Current events are shaping youth attitudes for the future

Amanda Zinni, Copy Editor

Between the COVID-19 pandemic, the Black Lives Matter protests, and the presidential election, 2020 was an overwhelming year.

Due to lockdowns and constant access to social media, many events received lots of traction from the media. These events will shape how young generations vote and view their government, as well as how they use the internet.

One event from the past year that will shape younger generations is the COVID-19 pandemic. Because of how long the pandemic has lasted and how poorly it was handled, it will affect who Generation Z votes for in the future and how they view the government.

A majority of the COVID-19 response was orchestrated by a largely conservative government under the Trump administration. This government enabled over 400,000 COVID-19 deaths in 2020 through a lack of nation-wide COVID-19 restrictions or warnings about the coming pandemic. With such a high death toll in the hands of one administration that was enthusiastically enabled by conservatives, it’s clear that the Republican party members who allowed such negligence have little to no care for the people they’re supposed to be representing.

In addition to all those deaths during the pandemic, the government gave little to no money to people affected by COVID-19. What does giving only $600 in stimulus communicate to Americans who are counting on their voice to be heard through their representatives?

People pay an insane amount of money in taxes (that funds the paychecks of their representatives) and Congress can’t even give them money to feed themselves or pay rent. A lack of action from the government creates a lack of trust from those it governs, and the lack of action on the part of the Trump administration will be noted as a part of the generation-defining event that is the COVID-19 pandemic.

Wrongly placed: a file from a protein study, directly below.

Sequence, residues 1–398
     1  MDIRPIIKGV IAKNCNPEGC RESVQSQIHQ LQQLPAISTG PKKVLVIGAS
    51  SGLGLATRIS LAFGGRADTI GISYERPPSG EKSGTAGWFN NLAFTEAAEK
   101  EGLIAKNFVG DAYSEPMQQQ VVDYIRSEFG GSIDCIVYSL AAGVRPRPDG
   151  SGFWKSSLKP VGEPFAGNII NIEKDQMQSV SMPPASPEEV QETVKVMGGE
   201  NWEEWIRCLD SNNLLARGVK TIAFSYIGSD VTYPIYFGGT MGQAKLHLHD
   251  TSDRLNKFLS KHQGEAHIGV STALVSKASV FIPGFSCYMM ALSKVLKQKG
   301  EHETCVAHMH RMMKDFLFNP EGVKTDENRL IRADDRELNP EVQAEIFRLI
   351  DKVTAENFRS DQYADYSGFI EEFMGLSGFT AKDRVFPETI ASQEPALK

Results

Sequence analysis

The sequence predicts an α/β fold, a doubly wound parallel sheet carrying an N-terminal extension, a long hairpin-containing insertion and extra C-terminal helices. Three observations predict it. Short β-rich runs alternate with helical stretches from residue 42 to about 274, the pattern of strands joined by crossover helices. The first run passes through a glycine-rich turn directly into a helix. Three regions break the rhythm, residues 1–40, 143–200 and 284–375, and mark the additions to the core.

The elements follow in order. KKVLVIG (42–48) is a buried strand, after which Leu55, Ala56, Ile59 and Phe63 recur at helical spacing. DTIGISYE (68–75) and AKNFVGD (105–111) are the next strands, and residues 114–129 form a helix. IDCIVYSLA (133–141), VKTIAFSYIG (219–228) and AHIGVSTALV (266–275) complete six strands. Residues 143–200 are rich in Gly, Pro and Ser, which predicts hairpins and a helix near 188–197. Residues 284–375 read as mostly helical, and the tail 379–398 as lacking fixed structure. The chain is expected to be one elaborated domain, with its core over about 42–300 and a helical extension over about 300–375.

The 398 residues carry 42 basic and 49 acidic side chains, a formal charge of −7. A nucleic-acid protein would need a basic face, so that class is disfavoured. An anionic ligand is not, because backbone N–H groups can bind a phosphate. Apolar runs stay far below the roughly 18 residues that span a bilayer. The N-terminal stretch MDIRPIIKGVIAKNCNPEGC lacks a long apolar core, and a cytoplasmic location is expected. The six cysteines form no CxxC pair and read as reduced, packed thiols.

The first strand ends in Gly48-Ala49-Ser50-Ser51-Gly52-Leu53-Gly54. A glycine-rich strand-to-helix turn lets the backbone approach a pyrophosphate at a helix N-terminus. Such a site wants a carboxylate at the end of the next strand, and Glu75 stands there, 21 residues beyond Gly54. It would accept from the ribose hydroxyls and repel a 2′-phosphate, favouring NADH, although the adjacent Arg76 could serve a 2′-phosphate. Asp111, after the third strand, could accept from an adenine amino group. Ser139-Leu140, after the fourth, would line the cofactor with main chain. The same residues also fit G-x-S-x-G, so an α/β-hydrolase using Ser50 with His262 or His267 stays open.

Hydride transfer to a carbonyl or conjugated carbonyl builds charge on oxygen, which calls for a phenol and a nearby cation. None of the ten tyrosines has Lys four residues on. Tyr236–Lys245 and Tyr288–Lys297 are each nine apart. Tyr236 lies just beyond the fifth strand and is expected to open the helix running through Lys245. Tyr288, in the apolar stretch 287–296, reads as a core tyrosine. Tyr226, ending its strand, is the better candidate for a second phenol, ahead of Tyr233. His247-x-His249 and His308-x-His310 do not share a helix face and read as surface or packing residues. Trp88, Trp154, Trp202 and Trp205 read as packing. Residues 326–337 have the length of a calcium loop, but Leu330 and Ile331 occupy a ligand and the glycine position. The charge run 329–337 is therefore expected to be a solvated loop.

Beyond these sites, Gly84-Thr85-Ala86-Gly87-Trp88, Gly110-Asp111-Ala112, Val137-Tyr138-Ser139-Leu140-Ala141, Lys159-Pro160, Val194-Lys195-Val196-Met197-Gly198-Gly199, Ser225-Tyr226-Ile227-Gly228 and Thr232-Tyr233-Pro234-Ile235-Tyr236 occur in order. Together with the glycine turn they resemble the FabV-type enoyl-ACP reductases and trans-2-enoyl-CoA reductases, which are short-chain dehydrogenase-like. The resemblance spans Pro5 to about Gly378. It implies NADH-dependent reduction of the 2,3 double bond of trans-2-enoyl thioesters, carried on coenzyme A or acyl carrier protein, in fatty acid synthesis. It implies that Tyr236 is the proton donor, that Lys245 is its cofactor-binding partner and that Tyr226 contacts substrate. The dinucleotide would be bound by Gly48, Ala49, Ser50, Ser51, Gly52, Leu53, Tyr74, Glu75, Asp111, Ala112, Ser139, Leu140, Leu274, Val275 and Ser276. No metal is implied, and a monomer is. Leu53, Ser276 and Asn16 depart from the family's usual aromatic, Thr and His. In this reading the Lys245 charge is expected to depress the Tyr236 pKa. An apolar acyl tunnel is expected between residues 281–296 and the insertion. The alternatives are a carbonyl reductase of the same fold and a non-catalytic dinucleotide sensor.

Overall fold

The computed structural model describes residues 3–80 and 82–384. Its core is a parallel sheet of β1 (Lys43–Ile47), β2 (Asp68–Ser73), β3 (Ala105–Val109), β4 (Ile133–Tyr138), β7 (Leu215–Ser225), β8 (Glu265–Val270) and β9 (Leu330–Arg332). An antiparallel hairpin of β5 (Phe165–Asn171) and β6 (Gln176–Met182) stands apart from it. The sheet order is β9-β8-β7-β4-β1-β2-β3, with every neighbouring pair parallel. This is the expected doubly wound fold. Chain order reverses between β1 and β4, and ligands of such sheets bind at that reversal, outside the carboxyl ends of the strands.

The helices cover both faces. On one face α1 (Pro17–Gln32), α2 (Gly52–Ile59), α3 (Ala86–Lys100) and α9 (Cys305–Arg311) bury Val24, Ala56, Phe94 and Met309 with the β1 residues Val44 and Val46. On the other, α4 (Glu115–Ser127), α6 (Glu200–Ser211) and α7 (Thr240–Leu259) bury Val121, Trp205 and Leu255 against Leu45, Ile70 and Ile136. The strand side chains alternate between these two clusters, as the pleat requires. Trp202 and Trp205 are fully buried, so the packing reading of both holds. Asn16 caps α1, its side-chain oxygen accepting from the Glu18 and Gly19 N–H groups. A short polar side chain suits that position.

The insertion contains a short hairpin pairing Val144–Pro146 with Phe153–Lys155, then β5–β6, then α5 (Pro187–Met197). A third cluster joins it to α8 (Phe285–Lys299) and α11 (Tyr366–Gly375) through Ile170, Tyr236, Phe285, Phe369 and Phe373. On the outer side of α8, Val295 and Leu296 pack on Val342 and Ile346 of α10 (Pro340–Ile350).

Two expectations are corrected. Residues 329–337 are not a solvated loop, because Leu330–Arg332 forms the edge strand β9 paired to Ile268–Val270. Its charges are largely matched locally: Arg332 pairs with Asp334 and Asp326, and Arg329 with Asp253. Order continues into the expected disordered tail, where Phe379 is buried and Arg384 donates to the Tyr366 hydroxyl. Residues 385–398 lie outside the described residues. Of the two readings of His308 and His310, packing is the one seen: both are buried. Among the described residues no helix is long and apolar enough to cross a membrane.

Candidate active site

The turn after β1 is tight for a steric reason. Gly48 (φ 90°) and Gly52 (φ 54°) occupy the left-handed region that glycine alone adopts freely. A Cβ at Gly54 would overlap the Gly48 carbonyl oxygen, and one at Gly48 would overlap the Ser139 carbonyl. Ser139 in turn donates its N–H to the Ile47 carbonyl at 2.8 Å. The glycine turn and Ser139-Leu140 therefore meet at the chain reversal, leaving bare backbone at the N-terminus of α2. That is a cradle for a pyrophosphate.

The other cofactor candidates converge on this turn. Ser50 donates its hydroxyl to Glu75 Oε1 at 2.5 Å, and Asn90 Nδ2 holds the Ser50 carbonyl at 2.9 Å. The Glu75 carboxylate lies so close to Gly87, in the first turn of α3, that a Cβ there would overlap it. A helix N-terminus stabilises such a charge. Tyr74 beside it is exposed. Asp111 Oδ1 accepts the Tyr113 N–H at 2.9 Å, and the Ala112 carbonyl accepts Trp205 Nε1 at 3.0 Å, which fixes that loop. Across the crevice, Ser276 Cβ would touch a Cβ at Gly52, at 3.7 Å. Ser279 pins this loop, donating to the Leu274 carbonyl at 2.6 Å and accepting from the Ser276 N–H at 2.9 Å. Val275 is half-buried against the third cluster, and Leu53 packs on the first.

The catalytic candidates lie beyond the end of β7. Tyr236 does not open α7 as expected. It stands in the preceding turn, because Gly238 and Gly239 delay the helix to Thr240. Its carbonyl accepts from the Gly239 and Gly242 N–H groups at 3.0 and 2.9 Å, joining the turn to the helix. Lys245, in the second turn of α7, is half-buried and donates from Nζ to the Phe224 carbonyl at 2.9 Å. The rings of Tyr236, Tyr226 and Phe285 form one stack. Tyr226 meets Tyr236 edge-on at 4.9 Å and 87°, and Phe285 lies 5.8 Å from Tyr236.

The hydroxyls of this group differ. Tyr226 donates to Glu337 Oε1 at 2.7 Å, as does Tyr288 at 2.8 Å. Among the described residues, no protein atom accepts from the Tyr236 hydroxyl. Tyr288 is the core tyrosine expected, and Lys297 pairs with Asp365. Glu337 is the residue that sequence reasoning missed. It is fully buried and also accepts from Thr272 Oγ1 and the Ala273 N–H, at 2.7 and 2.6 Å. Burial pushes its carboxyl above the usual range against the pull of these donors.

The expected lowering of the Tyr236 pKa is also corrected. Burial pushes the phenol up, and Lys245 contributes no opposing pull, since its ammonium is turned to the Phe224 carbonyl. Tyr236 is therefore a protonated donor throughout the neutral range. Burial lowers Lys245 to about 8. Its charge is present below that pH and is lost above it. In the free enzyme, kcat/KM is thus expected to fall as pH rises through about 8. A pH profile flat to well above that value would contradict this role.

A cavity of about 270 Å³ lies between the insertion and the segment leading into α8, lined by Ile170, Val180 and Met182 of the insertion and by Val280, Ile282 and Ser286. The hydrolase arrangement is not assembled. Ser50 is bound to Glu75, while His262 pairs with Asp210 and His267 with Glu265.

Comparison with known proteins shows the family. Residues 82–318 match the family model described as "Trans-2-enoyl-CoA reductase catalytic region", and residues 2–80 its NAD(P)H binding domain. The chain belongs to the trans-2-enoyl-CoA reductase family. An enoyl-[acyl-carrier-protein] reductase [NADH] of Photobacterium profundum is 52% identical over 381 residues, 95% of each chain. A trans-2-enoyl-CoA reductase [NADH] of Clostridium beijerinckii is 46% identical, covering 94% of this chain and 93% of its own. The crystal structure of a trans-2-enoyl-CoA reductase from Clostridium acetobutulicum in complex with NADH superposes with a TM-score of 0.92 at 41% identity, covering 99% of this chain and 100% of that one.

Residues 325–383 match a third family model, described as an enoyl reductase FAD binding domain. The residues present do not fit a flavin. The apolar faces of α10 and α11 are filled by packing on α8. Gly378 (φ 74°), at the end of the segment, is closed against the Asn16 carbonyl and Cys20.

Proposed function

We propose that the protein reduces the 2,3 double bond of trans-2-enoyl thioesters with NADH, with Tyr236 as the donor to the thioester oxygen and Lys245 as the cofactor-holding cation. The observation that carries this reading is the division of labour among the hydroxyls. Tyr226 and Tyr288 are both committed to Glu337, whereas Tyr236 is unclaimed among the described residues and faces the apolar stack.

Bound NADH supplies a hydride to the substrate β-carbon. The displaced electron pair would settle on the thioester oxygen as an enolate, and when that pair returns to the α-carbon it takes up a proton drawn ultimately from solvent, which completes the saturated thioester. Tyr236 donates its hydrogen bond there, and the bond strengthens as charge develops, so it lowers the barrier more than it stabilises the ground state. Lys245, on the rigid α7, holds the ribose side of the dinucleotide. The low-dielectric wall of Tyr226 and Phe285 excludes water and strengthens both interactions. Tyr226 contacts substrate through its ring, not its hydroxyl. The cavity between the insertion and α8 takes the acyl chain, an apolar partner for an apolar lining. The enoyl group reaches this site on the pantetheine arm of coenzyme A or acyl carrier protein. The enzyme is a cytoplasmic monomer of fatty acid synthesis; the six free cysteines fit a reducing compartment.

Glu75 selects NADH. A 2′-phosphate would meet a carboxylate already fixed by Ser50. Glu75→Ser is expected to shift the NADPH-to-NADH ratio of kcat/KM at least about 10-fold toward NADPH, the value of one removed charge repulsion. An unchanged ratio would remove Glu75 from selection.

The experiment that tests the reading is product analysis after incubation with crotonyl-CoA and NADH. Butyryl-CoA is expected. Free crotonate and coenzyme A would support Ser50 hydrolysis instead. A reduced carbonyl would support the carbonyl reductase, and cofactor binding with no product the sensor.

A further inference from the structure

While the Biden administration is planning on giving $1400 to those who meet the requirements, a total of $2000 is nowhere near the amount of money that the average working-class citizen needs to survive. The government expects the people it serves to be satisfied with little to nothing while Congress members make six figures a year.

However, these injustices aren’t going unnoticed and are becoming more accessible to ordinary people. Thanks to social media platforms, information and evidence is available to anyone seeking it. Social media users (namely Generation Z and Millennials) have access to firsthand accounts of protests and information about current issues at their fingertips thanks to social media platforms like TikTok and Twitter.

By having relatively unlimited access to information, it makes everything from learning about current events to expressing opinions and ideas to government representatives easier.

However, America is also seeing a downside to the wide reach of social media platforms. The attack on the Capitol on Jan. 6 was made possible because of the reach of social media. The attack was encouraged by Donald Trump and was planned online on public forums, forums that can be easily accessed by pretty much anyone, including government officials. The federal government had the power to stop this attack, but chose not to and enabled violence.

However, this attack exposed the general public to the dangers of the unchecked white supremacist ideologies that were allowed to fester on social media sites. Because the nation has witnessed the consequences of unchecked white supremacy in online spaces, it is a much more realistic threat and therefore one that is of more concern to the federal government than it was at the time of the attacks on the Capitol.

2020 was a difficult year and it is essential that we don’t downplay the number of people affected by the carelessness of the government and the systematic racism that America was founded on. By openly displaying the faults of this country, we give younger generations the opportunity to see things the way they really are and create change as quickly as possible.